U.S. stock-index futures point to a flat start for stocks Thursday after back-to-back record finishes for the Dow Jones Industrial Average and the S&P 500 indexes.

How are markets trading?

Dow Jones Industrial Average futures YM00 were up 25 points, or 0.1%, at 35,397

S&P 500 index futures ES00 were off 1.6 points, or less than 0.1%, at 4,439.

Nasdaq-100 futures NQ00 were down 25,75 points, or 0.2%, at 14,993.75.

On Wednesday, the Dow industrials

closed up 220.30 points, or 0.6%, to finish at a record 35,484.97, after hitting an intraday, all-time high of 35,501.16. The S&P 500 index

rose 0.3%, or 10.95 points, to close at a record 4,447.70, after establishing an intraday record at 4,449.44. The Nasdaq Composite Index 

closed down 22.95 points, or 0.2%, at 14,765.14.

What’s driving the market?

Markets saw little movement ahead of the opening bell after a round of economic data showed first-time claims for jobless benefits came in at 375,000 last week, matching estimates. The producer price index was up 7.8% year over year in July versus 7.3% in June, while the core PPI reading, which excludes food and energy, accelerated to 6.1% from 5.5%.

The push to records for the Dow and S&P 500 on Wednesday were fueled by data that showed consumer prices easing somewhat, with the index rising 5.4% from a year ago in July. That number was in line with June and lower than some predictions.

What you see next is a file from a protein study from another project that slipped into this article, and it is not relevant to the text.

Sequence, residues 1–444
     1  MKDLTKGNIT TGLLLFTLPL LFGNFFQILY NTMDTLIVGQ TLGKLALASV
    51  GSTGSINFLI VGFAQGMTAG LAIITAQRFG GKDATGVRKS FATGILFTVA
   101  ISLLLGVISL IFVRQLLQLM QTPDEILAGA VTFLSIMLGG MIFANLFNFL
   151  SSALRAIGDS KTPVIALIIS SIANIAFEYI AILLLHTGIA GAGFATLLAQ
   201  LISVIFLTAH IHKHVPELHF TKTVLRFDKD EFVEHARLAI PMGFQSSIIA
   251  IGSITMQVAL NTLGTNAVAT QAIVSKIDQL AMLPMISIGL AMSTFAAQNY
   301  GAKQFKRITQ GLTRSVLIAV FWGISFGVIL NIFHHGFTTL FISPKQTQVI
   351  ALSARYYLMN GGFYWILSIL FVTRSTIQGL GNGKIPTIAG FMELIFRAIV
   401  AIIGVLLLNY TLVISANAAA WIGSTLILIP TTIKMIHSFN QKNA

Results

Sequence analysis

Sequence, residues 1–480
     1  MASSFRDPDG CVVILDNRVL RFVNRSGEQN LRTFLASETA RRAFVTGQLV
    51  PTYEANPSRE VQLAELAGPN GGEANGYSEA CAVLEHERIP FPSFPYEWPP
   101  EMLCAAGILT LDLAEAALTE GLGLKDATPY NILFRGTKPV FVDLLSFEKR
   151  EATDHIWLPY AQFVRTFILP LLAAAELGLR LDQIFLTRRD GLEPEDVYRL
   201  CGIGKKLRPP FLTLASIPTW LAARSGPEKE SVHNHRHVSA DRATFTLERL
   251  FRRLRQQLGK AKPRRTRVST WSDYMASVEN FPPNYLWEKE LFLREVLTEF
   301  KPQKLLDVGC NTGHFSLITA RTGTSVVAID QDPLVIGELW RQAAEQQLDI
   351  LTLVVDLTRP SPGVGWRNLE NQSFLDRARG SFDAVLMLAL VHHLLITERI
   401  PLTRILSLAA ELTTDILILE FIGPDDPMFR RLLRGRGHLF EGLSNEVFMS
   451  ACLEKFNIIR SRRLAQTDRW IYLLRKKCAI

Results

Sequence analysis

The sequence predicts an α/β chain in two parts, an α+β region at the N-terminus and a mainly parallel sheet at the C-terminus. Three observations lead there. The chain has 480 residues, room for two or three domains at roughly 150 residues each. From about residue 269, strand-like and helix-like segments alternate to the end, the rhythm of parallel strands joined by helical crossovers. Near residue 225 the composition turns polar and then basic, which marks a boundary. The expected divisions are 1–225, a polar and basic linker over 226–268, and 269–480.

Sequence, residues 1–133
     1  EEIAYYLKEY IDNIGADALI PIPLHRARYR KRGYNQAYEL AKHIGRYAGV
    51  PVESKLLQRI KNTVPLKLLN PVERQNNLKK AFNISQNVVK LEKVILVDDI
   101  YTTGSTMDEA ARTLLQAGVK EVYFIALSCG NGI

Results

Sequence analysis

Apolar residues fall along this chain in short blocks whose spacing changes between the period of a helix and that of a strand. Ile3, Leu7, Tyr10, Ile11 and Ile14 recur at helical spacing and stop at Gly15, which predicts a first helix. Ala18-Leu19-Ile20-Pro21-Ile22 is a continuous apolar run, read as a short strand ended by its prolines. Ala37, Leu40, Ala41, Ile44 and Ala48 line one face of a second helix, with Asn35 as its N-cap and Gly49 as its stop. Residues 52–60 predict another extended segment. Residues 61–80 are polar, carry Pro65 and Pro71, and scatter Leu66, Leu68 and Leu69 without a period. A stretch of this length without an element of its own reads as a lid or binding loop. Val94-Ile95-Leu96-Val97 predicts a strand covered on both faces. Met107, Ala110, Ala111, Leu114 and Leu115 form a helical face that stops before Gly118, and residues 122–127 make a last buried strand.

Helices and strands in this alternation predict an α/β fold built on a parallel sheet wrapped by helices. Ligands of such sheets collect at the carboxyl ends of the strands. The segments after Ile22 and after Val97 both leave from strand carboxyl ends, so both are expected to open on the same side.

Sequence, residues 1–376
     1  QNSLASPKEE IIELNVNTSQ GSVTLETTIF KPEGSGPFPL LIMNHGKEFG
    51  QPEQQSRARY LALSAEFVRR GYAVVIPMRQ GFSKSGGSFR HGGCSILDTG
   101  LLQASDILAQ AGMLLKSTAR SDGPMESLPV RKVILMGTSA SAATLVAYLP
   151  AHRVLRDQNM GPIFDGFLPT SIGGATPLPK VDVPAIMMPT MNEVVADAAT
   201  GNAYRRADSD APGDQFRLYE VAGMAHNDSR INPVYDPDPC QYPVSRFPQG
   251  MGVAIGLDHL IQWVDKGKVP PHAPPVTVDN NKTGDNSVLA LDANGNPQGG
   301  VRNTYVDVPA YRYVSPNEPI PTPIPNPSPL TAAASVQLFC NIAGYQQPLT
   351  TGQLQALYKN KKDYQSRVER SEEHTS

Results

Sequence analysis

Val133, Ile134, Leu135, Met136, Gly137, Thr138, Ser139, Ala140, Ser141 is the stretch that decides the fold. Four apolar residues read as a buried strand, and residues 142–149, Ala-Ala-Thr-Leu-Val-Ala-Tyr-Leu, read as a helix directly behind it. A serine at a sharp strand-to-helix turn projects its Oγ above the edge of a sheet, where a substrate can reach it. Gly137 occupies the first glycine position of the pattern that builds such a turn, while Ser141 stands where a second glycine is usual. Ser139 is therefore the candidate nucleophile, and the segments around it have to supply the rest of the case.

But some investors might be wondering how high stocks can keep going, as they have been at or near new highs for a while, despite the rapid rise of new coronavirus cases across the U.S. and elsewhere, said Pierre Veyret, technical analyst at ActivTrades, in a note to clients.

“While some traders continue to ride this bullish wave, others have already started to hedge their portfolio against any potential decline, which explains the current rotation from growth stocks (tech shares) to cyclical values,” he said.

The International Energy Agency on Thursday downgraded its 2021 demand forecasts, blaming the delta coronavirus variant as a curb on oil demand. The IEA upgraded its 2022 forecast, however, saying demand should return to pre-pandemic levels midway through next year. The Organization of the Petroleum Exporting Countries, or OPEC, left its outlook for 2021 and 2022 demand growth unchanged, while raising its forecast for non-OPEC supply.

Investors will be watching for more news on COVID-19 vaccines, amid a report the Food and Drug Administration may authorize a third dose of Pfizer


and Moderna

shots for those with weakened immune systems. The emergency-use clearances could be announced as soon as Thursday, the New York Times reported late Wednesday.

Which companies are in focus?

EBay Inc. shares

are slipping in premarket after the online auctioneer’s earnings beat guidance, but there were signs economic reopenings have hurt growth late Wednesday.

NIO Inc. shares

lost ground. The U.S.-listed China electric-auto maker reported a narrower-than-forecast quarterly loss late Wednesday.

Alibaba Group Holding Ltd. shares

were softer ahead of the Chinese multinational conglomerate’s earnings report.

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